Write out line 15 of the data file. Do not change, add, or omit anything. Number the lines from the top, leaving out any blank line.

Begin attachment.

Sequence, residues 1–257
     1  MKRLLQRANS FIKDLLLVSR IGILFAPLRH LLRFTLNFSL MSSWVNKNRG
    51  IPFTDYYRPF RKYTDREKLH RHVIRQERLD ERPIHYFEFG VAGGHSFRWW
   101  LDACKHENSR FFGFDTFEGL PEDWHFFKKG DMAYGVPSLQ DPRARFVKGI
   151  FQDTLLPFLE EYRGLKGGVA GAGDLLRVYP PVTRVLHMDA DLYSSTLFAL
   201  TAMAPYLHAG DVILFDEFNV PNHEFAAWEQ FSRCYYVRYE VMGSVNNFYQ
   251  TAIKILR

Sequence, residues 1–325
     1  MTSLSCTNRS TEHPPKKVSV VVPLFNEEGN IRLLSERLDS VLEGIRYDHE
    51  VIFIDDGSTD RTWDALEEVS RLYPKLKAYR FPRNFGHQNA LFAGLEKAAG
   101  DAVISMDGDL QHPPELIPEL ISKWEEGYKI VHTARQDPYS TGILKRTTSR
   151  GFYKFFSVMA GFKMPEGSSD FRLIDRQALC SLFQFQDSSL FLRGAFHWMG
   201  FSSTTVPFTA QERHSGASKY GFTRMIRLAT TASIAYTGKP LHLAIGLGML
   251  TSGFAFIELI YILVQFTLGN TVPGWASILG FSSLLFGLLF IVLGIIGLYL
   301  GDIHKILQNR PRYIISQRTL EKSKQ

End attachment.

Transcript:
   301  GDIHKILQNR PRYIISQRTL EKSKQ